Maybe best thing for me is to create a tiny test archive (where repairing is cheap) and try a shutdown again. James, in case what I described is not the way it should work, is there any special debugging I should turn on before further testing? Any specific Advanced Preference values to set? Any specific procedure to try to generate best possible logging info? I’ll gladly test and investigate this further, as it is such a welcome and vital feature for me: preventing archive corruption due to accidental Mac shutdown/sleep.

Thanks for any guidance,

after upgrading to beta 58 (though I fear the beta may nothing have to do with this), yesterday my scheduled capture reported my archive needed a repair. However, trying to repair it failed with a "disk or network error". Repairing the volume the archive is on showed no problems, the structures seemed to be fine. I then examined the archive package and found all files seemed to be fine with reasonable sizes, except for the file "package.index", which had a file size of 0 bytes.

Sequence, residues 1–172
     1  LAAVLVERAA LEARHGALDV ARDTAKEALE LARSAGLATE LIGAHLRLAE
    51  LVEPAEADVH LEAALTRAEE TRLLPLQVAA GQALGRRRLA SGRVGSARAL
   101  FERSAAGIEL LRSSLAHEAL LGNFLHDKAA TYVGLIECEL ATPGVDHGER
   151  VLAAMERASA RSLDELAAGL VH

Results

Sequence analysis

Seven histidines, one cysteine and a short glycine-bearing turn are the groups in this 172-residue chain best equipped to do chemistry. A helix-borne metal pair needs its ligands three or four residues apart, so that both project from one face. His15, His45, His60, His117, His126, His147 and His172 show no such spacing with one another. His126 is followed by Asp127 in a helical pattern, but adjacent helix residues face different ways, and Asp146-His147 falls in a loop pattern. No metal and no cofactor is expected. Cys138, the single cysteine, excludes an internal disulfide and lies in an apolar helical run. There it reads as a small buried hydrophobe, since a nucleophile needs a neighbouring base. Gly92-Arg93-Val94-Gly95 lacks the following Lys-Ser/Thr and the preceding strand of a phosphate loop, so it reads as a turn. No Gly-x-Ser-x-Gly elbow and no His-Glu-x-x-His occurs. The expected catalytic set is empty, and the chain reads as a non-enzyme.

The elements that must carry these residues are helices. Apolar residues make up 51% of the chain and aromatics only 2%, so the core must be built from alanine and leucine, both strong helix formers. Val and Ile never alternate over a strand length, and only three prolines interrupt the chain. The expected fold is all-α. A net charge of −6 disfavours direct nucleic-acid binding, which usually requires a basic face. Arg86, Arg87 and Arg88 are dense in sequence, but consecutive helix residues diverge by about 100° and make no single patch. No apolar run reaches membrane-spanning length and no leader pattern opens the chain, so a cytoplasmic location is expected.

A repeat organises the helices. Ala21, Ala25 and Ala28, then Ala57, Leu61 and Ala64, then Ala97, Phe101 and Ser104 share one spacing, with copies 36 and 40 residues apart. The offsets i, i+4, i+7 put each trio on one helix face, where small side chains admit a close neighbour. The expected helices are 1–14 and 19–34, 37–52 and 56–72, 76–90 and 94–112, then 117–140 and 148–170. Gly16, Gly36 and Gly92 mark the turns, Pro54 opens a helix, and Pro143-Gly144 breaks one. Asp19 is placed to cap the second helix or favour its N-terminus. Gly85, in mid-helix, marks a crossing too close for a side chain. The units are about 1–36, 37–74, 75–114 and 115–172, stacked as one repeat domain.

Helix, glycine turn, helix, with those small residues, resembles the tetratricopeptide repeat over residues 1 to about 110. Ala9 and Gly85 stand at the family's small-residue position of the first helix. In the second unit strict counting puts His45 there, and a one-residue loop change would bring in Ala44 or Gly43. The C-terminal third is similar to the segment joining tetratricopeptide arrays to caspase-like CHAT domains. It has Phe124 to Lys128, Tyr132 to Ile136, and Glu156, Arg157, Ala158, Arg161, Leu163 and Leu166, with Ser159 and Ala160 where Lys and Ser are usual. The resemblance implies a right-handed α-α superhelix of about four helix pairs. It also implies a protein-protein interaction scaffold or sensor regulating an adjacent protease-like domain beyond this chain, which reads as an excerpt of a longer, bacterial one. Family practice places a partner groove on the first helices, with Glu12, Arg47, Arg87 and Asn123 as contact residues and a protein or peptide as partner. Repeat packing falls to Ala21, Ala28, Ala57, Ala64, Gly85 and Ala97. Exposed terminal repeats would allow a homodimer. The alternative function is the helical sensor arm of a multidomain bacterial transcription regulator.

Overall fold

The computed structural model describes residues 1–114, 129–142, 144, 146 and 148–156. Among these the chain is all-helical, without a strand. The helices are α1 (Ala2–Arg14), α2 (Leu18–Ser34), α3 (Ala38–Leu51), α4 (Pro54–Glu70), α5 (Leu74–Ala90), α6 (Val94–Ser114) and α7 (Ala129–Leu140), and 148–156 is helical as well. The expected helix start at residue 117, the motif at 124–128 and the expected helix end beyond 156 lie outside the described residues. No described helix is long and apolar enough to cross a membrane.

I assume that this file is vital (and leads to the above error because it is empty), and that without the info in that file, the archive contents cannot be recovered by any means. Am I correct?

Thanks, Christian

I am running QRecall 1.2.0(55) on a headless server (Mac mini, onboard graphics), which I manage using the Screen Sharing app. Unfortunately, QRecall's new visuals seem not to be compatible with Screen Sharing: While the layers list displays correctly on the controlling remote Mac, the lower section in the window (showing the files in the layer/archive) shows blank except for the grey disclosure triangles.

I assume this is a consequence of QR using the fastest graphics routines available, hence bypassing some hooks in the OS that it uses to detect changes for sending over Screen Sharing? Is there anything I could do about it (some hidden pref in QR) to disable fast drawing, but enable compatibility with Screen Sharing?

Thanks for any hints,
Thanks James, just sent the Diagnostic Report your way and deleted the offending pref value. As soon as I had done that, the scheduler resumed operation of the pending actions.